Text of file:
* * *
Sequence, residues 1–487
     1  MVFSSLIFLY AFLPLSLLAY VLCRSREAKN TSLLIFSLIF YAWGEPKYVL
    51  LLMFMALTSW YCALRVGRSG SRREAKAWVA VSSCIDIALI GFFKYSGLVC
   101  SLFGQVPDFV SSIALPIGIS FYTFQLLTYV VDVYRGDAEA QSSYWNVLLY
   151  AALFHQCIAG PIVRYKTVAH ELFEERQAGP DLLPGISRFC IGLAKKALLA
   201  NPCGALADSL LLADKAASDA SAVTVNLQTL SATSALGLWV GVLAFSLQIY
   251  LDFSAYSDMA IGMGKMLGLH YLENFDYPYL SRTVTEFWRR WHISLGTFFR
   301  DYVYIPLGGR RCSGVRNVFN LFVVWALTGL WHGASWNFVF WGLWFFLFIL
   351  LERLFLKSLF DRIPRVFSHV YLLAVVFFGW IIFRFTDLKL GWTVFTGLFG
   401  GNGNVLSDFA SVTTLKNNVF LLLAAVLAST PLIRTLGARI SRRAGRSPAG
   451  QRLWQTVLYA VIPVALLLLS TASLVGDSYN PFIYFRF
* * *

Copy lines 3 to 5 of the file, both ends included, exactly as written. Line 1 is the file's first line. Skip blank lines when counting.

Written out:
    51  LLMFMALTSW YCALRVGRSG SRREAKAWVA VSSCIDIALI GFFKYSGLVC
   101  SLFGQVPDFV SSIALPIGIS FYTFQLLTYV VDVYRGDAEA QSSYWNVLLY
   151  AALFHQCIAG PIVRYKTVAH ELFEERQAGP DLLPGISRFC IGLAKKALLA